Before there were pharmacies on nearly every corner, people relied on Mother Nature’s medicine chest. Native healers all over the world took advantage of the medicinal properties of plants.

Now, scientists are confirming that Hippocrates was on to something when he urged his patients to let food be your medicine. A recent study in the Journal of Nutrition (Feb., 2014) showed that women who eat more berries and drink more tea are less prone to develop type 2 diabetes.

The investigators identified antioxidant compounds called flavonoids and anthocyanins as responsible for this protective effect. Anthocyanins give fruits like blackberries and blueberries their lovely color, but clearly they do other important things for human metabolism.

Not only does a diet high in such plant-derived chemicals reduce the risk for insulin resistance and type 2 diabetes, it also lowers the likelihood of heart attacks (Circulation, Jan. 15, 2013). That may be in part because these natural substances make blood vessels more flexible. They also reduce inflammation that increases the chance of a heart attack or stroke.

Readers of this column have been reporting anti-inflammatory effects from foods and spices for decades. Here is one testimonial:

“My mother has osteoarthritis. Her joints have been overused and she hurts everywhere. She has been miserable.

“She read about tart cherry juice and bought some. Less than a week later, she is smiling and bubbly and HAPPY! She says most of the pain is gone.

“She started with a full glass daily, not knowing how much to take. It is a bit pricey so she is now taking 1 ounce a day as a maintenance dose. I think the larger amount slammed her body into fighting the inflammation.”

Cherries are not the only food with anti-inflammatory activity. One reader offered his experience:

“I read about pineapple for arthritis, and it has certainly helped me. The juice is too high in sugars for me, so I have a slice of fresh pineapple each day. Without the pineapple, I wake up feeling every joint in my hands has been broken.”

Spices may also offer benefit against inflammation, as another reader discovered:

“Turmeric really works for me for finger and knee arthritis. How do I know? Twice I’ve run out of turmeric for two week periods, and pain, redness and visible swelling occurred in my little pinky finger joints; all my other joints were achy.”

Another reader discovered a different benefit from turmeric: “I am a 53 year old menopausal woman and I can say that my hot flashes (flushes) have diminished greatly after taking turmeric for this problem. The turmeric also eased pain in my achy knees and the soles of my feet.”

There are many other medicinal foods. One study found that powdered sesame seeds worked better for arthritic knee pain than acetaminophen (International Journal of Rheumatic Diseases, Oct., 2013).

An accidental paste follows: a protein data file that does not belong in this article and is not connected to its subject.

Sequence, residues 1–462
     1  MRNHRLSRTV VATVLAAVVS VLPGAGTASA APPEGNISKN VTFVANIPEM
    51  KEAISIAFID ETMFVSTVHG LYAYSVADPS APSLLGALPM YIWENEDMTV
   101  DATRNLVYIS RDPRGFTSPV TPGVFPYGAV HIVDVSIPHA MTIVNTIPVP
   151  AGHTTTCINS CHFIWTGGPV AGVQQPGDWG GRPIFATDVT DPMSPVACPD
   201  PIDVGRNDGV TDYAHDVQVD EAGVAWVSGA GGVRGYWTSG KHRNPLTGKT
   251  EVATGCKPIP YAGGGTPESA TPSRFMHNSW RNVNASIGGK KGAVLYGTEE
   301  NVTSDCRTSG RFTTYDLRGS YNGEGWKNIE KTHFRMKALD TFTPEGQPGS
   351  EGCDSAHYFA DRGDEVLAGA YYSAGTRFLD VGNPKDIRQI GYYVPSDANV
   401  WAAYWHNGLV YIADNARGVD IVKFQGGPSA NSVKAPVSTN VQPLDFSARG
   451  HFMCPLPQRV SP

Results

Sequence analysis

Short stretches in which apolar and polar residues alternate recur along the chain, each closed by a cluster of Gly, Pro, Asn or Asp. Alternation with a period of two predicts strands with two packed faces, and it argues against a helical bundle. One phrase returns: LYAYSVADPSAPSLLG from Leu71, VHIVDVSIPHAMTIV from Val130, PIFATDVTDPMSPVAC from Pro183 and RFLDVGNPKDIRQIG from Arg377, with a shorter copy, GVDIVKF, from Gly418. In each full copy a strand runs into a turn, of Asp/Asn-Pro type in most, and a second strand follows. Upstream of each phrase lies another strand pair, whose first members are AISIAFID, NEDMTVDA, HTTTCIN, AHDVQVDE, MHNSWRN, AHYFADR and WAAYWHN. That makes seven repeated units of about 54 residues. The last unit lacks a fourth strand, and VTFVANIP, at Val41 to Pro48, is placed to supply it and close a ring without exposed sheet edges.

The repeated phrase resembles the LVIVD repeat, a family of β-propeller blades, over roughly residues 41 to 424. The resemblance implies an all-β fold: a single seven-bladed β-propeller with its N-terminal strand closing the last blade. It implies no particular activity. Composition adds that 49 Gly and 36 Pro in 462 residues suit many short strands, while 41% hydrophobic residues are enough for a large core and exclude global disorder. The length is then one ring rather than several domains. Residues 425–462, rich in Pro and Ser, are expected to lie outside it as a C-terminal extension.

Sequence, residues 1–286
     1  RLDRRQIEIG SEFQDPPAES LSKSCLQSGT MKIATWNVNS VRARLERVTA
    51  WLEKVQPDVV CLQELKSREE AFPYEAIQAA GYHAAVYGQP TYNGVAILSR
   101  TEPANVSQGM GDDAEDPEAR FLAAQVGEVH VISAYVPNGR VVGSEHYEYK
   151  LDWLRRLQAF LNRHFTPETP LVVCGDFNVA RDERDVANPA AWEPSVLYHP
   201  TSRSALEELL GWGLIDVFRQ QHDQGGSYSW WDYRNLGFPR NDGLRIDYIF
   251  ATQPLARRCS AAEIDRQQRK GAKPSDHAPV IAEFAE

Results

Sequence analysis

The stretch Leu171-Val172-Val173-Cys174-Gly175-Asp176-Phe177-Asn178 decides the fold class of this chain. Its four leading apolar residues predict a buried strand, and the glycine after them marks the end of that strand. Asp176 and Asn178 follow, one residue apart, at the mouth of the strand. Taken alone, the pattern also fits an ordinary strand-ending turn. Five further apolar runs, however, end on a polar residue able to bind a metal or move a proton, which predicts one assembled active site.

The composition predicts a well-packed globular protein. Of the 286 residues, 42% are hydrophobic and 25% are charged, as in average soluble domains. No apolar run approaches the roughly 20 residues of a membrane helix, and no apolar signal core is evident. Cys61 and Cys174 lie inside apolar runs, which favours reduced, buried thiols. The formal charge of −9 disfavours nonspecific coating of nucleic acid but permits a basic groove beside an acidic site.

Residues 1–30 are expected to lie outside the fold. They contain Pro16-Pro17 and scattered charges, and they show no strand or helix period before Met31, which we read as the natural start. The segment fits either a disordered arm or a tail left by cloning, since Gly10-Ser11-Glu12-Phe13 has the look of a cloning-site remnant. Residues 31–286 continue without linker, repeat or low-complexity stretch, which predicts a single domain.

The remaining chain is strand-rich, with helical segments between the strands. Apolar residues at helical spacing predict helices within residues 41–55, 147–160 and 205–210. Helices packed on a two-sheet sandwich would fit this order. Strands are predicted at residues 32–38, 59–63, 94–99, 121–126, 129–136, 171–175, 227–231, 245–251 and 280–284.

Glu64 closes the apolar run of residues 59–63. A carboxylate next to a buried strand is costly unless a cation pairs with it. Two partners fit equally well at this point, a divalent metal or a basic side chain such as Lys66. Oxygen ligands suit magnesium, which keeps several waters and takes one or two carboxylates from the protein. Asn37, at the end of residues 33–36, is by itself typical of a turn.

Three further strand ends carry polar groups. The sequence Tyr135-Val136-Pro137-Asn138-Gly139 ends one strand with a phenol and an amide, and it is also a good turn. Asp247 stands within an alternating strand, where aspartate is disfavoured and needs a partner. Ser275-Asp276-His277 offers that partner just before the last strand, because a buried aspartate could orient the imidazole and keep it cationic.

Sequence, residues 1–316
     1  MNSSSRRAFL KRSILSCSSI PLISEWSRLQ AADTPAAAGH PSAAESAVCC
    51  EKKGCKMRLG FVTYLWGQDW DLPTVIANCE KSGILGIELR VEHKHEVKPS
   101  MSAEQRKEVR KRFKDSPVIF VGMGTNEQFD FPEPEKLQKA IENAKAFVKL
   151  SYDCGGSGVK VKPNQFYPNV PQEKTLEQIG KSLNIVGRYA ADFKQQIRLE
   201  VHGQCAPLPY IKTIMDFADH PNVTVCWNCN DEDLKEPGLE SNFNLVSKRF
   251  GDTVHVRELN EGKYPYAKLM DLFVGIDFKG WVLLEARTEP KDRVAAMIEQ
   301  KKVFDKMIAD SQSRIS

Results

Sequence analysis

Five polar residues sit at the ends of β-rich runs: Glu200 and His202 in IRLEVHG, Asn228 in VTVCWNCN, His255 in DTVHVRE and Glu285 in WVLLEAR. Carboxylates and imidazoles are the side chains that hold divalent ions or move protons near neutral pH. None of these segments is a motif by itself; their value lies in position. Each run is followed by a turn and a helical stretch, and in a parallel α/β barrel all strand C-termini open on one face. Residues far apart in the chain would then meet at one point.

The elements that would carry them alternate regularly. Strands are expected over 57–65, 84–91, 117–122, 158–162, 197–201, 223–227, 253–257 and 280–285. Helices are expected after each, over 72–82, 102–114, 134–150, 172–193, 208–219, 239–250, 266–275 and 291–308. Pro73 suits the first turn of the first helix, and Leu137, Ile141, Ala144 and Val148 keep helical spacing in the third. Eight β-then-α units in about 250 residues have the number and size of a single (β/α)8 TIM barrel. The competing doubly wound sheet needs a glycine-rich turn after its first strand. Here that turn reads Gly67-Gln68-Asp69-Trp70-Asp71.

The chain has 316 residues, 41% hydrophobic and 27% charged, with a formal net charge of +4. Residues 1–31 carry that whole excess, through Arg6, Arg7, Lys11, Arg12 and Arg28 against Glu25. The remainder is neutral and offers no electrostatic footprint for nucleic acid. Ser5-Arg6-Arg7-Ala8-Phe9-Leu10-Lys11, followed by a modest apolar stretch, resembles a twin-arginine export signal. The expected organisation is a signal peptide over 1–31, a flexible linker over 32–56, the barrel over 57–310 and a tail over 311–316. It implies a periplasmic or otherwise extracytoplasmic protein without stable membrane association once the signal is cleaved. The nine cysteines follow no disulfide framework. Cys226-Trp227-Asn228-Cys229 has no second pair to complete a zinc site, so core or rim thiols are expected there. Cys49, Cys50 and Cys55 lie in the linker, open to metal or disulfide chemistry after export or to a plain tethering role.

To learn more about the health benefits of specific foods for common ailments, you may wish to consult our book The People’s Pharmacy Quick & Handy Home Remedies from National Geographic. Researchers are rediscovering what Hippocrates knew 2,500 years ago: food really is the best medicine.

 

 

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  1. PCM
    Reply

    I drink a cup of ginger tea with a dash of turmeric during a Rheumatoid Arthritis flare. The effect for me is similar to a dose of Ibuprofen: about 20 minutes after drinking the tea, I get considerable relief from both pain and swelling, and it lasts from four to six hours. To make the tea, I simply peel and slice a half-inch of ginger root into a cup of boiling water ( or ask my husband to do it if my hands are hurting), cover, and steep for five minutes. Strain, add turmeric (only a dash, as it tastes quite strong), and sweeten to taste. For variety, I might add an herbal tea bag. Delicious and therapeutic with no adverse side effects.

  2. JBL
    Reply

    Your latest article mentions the value of sesame seeds for knee pain. Would sesame seed oil capsules supply the same ingredients in a more concentrated form without having to consume spoons full of dry seeds?

  3. MK
    Reply

    Is pineapple juice good for coughs?

  4. cp
    Reply

    I have been using ginger root in a large cup of green tea every morning (about one teaspoon) since October 2013. It has really worked for my osteoarthritis, especially in the knees.

  5. Tumeric for natural relief
    Reply

    Thank you for sharing the idea of turmeric for relief of hot flashes and achy knees. I’ve had hot flashes for 10+ years and nothing has really helped except trying to ignore it.
    Recently started dancing at my gym. My joints feel it a little.
    Will add turmeric to salad dressing.
    How much is enough and how else can turmeric be ingested?
    Thank you!!

  6. Mary
    Reply

    Curcumin seems to help inflammation, but I can’t take it because it thins my blood – makes me bleed too easily. I’ve stopped OTC pain meds for the same reason.

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